Where is Cleopatra’s tomb? Who made the devil’s footprints? What happened to Abigail Williams? If you don’t know about any of those queries yet, you are sure to after this surprising list of history’s most persistent mysteries.
Historians spend their careers studying life’s most important questions. Yes, there are plenty of major historical events that have been endlessly documented. (Both World Wars and the American Civil War come to mind, among many others.) But many more events throughout history are far less understood than we may think. And it’s not just ancient happenings, either. Some relatively recent mysteries from the last century still persist in the minds of historical investigators, readers, and amateur sleuths, too.
In this list, we’ll dive into ten of the most pressing historical questions that experts still haven’t been able to answer. No matter how much these ten items are studied, nobody can come away with a conclusive take. And as time keeps on passing us by, every day brings more certainty that the truth will probably never quite be known.
10 What Fate Befell Abigail?
The Salem witch trials were a notorious chapter in colonial America. And even today, they remain shrouded in mystery—especially when it comes to the fate of Abigail Williams. In 1689, Samuel Parris arrived in Salem, Massachusetts, as a new minister. He was accompanied there by his daughter Betty and her cousin Abigail. For a while, life was normal.
But then strange occurrences plagued the girls in early 1692. They were found to be suffering from convulsions and speaking in tongues. That led the town doctor to conclude they were bewitched. Blaming the family slave, Tituba, the girls accused her of sending them into a life of witchcraft. She confessed and then quickly implicated two more women.
The madness escalated as more girls exhibited similar symptoms. Soon, even more individuals faced witchcraft accusations. Samuel Parris lost his job and left with Betty, who went on to lead a normal life. Meanwhile, Abigail Williams stayed behind. She began to play a significant role in the town by accusing 57 more people of witchcraft. However, after testifying in June 1692, Abigail vanished from historical records. Nobody ever heard from her again.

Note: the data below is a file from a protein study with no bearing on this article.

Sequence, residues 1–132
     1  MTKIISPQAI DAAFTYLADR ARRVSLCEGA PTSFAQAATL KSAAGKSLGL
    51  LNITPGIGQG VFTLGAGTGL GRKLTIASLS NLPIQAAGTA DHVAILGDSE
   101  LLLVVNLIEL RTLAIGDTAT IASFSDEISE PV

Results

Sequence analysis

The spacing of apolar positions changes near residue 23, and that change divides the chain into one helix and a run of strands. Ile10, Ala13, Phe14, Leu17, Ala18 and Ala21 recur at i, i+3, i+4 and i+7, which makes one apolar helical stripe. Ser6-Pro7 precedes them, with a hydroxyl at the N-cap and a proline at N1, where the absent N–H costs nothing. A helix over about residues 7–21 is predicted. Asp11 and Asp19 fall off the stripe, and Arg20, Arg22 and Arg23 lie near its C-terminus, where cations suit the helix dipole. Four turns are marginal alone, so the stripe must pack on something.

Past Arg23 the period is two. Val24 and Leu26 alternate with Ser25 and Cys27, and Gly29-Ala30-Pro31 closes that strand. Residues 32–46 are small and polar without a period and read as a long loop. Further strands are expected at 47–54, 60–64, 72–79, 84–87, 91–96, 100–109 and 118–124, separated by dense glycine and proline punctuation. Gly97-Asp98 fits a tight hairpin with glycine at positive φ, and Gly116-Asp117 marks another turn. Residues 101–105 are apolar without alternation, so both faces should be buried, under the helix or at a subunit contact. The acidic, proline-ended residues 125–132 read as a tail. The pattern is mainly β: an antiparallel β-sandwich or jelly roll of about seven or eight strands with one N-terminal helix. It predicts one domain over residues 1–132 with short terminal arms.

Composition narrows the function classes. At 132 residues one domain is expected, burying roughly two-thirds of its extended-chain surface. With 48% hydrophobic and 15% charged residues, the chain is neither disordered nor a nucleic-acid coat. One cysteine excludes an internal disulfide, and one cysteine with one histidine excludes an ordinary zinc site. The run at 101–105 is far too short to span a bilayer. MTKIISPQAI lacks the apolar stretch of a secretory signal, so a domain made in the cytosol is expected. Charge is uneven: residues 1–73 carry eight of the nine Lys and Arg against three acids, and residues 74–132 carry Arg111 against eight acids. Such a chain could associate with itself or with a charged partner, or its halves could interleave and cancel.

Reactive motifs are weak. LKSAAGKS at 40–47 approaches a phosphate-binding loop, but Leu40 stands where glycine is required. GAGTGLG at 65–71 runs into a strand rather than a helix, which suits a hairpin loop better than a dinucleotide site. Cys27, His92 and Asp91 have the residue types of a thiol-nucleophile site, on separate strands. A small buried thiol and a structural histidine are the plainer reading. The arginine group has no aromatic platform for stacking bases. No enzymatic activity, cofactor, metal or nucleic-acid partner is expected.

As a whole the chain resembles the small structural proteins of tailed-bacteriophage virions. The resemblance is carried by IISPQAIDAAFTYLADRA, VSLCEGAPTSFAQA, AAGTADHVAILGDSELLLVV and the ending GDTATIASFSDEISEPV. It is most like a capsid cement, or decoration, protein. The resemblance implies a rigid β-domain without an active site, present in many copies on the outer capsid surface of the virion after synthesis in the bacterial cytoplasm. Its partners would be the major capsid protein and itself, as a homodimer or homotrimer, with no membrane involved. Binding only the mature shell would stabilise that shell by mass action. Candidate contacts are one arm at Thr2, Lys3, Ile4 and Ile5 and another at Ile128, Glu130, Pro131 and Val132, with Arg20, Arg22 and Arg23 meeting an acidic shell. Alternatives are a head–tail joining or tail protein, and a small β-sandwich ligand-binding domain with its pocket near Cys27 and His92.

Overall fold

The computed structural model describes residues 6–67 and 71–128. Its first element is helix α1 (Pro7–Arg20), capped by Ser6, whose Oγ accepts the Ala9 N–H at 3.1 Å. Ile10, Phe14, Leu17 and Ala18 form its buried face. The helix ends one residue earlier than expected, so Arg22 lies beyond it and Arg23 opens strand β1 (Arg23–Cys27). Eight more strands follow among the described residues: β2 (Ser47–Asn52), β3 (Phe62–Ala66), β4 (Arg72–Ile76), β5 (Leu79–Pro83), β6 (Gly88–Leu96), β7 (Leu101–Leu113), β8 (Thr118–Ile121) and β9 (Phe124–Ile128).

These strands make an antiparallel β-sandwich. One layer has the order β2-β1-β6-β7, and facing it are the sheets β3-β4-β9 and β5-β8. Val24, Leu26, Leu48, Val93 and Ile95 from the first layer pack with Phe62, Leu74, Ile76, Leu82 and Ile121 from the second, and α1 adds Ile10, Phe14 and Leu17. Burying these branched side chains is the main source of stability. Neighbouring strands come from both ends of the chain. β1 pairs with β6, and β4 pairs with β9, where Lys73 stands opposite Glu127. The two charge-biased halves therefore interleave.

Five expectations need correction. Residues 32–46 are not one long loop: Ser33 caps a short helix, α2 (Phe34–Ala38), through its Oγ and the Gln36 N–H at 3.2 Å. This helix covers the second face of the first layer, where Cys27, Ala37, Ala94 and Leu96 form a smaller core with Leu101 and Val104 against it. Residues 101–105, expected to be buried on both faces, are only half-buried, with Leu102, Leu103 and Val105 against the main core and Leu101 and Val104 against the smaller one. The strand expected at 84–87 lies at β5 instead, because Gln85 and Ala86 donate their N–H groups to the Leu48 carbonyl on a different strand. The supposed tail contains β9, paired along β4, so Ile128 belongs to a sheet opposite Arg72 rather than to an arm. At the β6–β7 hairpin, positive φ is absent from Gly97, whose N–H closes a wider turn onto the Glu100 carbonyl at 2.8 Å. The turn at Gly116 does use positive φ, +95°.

Today, experts suggest she may have acted out due to her powerless position in society and sought temporary control for attention or influence. Others theorize the symptoms displayed by Abigail and the other “afflicted girls” were caused by ergotism. That’s a condition that comes from consuming fungus-infected rye. Historians wonder whether that could have led to her untimely demise and, thus, her subsequent disappearance from historical accounts. But nobody knows for sure. As far as the records are concerned, she simply vanished!
9 Who’s Buried There?
Japan is home to ancient tombs called kofun. These tombs were all built from the 3rd to 7th centuries AD. Unlike the famous pyramids, these tombs have a unique keyhole design and vary in size. Some are just a few dozen feet long. Others stretch for thousands of feet. The largest kofun, known as Daisen Kofun, is located in Sakai, Osaka Prefecture. It measures over 1,500 feet (457 meters) in length and 1,000 feet (305 meters) in width. However, the identity of the person buried inside remains a mystery.
Traditionally, Emperor Nintoku, the 16th Emperor of Japan during the 4th century, has been associated with this tomb. Despite this belief, no academic or scientist has confirmed it. That’s because there have always been very strict regulations prohibiting entry into the tomb. The Imperial Household Agency, responsible for matters concerning the Imperial Family, has restricted archaeological research to the kofun’s surrounding moats since the 1970s.
However, there has been recent progress. In 2018, archaeologists were permitted to excavate the moats for ancient artifacts. And there has been talk of excavating the mound itself since 2020. This still has yet to occur, but that appears to be some level of progress toward figuring out who is buried inside. Thus, there is hope this long-standing enigma may finally be unraveled in the years ahead.
8 Who Burned Down the House?
In Neolithic Europe, a puzzling trend emerged where people deliberately set fire to their own houses. This phenomenon, known as the “burned house horizon,” was particularly prevalent in the Cucuteni-Trypillia culture of Eastern Europe. Those people spanned modern-day Ukraine, Romania, and Moldova. But the reasons behind this burning behavior remain shrouded in mystery.
There are several possible explanations for this practice. The first two theories propose that the burnings were accidental. Perhaps they were caused by flammable materials or attacks by invaders. However, these explanations fail to account for the frequency of the burnings. Plus, there was always a scarcity of human remains found within the charred dwellings.
The remaining theories suggest that the burnings were intentional but for different purposes. One hypothesis suggests the houses were burned to strengthen their clay walls, thus making them more resistant to water. Another theory posits that fires were a form of pest control, fumigating the villages to eradicate insects and pests.
Additionally, the burnings might have served as a means to recycle old materials and create space. Or perhaps they were part of a religious ceremony meant to symbolize the end of a home’s life cycle. Whatever the case, the burned houses remain an enigmatic phenomenon. For centuries now, it has left archaeologists and historians intrigued by the motivations behind these deliberate acts of destruction. And considering how long ago it all happened, it’s likely we will never know the real answer.
7 Where’s the Explorer?